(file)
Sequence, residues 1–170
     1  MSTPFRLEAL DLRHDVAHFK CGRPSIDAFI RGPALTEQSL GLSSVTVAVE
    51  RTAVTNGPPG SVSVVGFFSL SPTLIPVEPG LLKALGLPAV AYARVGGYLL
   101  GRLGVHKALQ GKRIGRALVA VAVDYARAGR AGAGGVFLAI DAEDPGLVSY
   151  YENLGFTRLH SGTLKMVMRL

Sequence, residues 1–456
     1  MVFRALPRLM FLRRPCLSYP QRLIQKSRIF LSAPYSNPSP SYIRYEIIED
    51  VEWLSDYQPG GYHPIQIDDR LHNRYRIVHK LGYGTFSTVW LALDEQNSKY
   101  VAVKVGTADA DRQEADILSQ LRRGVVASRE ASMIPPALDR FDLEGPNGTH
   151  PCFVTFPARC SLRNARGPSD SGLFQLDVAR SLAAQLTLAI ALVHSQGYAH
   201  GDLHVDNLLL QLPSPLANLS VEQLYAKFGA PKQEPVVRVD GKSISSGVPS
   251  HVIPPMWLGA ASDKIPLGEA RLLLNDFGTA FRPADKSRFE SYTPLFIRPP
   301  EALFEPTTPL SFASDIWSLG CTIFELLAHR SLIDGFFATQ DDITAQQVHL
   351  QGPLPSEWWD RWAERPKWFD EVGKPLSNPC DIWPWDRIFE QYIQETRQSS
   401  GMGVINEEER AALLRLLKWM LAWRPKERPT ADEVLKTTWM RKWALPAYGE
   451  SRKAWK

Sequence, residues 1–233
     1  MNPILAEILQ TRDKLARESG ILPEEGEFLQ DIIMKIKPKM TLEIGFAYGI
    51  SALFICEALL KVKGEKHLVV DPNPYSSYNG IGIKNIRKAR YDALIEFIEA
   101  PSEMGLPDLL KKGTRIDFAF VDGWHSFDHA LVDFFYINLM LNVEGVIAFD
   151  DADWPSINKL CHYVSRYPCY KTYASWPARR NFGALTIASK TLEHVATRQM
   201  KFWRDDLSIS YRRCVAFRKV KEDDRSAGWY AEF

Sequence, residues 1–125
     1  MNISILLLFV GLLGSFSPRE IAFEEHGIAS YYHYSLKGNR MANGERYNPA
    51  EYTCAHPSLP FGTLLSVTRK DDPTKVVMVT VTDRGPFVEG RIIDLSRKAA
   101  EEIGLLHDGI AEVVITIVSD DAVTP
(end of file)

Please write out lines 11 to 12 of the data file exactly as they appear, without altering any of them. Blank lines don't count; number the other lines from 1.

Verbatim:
   201  GDLHVDNLLL QLPSPLANLS VEQLYAKFGA PKQEPVVRVD GKSISSGVPS
   251  HVIPPMWLGA ASDKIPLGEA RLLLNDFGTA FRPADKSRFE SYTPLFIRPP